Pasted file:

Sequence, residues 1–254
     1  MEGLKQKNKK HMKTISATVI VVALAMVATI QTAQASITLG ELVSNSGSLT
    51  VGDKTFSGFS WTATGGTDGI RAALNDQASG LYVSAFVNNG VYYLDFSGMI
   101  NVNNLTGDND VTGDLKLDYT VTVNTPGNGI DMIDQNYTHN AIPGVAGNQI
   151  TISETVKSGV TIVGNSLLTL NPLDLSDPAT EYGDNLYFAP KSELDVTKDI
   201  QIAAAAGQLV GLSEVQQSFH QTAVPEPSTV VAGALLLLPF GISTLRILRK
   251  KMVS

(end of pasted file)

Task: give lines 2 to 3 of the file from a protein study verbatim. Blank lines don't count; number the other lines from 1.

     1  MEGLKQKNKK HMKTISATVI VVALAMVATI QTAQASITLG ELVSNSGSLT
    51  VGDKTFSGFS WTATGGTDGI RAALNDQASG LYVSAFVNNG VYYLDFSGMI